Richard: “I grew up in Birmingham and left school at 16 in 1982 with no real qualifications and no idea what to do. I spent a few years on various worthless schemes, but mostly I was signing on. It was whilst on the dole my interest in photography really began. I got involved with the Birmingham Trades Council ‘Centre For The Unemployed’ and was encouraged to go out and photograph things that caught my eye out on the streets as well as the many political demonstrations around that time in the Midlands.
They had a darkroom at the centre which I really took too and it wasn’t long before I was teaching basic photography and darkroom skills to other unemployed people. I loved it and a life long love of photography began. Someone at the centre suggested I should look at getting a qualification in photography and before I knew it I was accepted onto a course at Manchester Polytechnic which began in September, 1988.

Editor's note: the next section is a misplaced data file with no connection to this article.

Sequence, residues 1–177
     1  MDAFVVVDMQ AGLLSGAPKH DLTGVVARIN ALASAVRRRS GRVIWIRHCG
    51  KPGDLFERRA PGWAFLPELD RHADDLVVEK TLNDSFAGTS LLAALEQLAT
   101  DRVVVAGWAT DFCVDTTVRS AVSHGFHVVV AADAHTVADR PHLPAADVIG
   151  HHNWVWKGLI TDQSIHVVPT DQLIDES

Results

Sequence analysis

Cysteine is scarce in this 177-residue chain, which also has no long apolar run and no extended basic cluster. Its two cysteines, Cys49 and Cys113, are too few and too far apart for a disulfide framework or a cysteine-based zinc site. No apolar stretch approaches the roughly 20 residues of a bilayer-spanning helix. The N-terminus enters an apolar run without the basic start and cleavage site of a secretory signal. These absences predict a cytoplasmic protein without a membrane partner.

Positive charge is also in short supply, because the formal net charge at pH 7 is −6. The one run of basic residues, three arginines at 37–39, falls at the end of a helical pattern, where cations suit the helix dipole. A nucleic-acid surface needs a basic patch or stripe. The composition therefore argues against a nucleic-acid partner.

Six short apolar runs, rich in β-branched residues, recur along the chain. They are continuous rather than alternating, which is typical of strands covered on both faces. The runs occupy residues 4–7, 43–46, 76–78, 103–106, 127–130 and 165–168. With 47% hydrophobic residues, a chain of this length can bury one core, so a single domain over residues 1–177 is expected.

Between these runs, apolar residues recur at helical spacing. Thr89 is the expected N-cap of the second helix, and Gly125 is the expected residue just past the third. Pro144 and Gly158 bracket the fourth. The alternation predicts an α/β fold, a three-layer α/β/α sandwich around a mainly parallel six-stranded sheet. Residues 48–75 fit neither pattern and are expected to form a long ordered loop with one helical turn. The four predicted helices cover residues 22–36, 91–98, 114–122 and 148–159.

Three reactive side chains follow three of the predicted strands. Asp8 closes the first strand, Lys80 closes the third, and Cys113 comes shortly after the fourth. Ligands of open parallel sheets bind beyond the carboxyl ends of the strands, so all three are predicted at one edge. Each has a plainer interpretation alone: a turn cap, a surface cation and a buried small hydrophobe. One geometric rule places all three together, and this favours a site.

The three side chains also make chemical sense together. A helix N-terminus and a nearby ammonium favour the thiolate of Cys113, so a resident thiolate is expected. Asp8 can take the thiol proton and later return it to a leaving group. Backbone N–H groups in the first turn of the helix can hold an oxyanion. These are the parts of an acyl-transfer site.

I’d always loved Manchester music so I didn’t need any persuasion in leaving Birmingham for a new life up north! On day one at the Poly we were all advised not to go into Hulme, a neighbouring district to where the Poly was sited. A dangerous, lawless place to be avoided we were told! So obviously the next day I decided to explore Hulme, see for myself. I never did like anyone telling me what I should or shouldn’t do.
Little did I know at the time this place would play a massive role and shape my life for many years to come. I took to Hulme straight away, how could you not, it was just so damn photogenic and so very different from anywhere I’d seen before. A lot of it was derelict, whilst what was occupied tended to consist of a diverse mix of artists, musicians, drop-outs, ex-students & the unemployed, the kind of people mainstream society seemed to reject.
It also had the most amazing creative spirit and sense of community, and for a lot of people a real source of inspiration and get up and go energy. I quickly made friends with various musicians and word got out I had a camera and knew how to use it, it was that easy. Remember this was well before mobile phones and Manchester at that time didn’t have many photographers.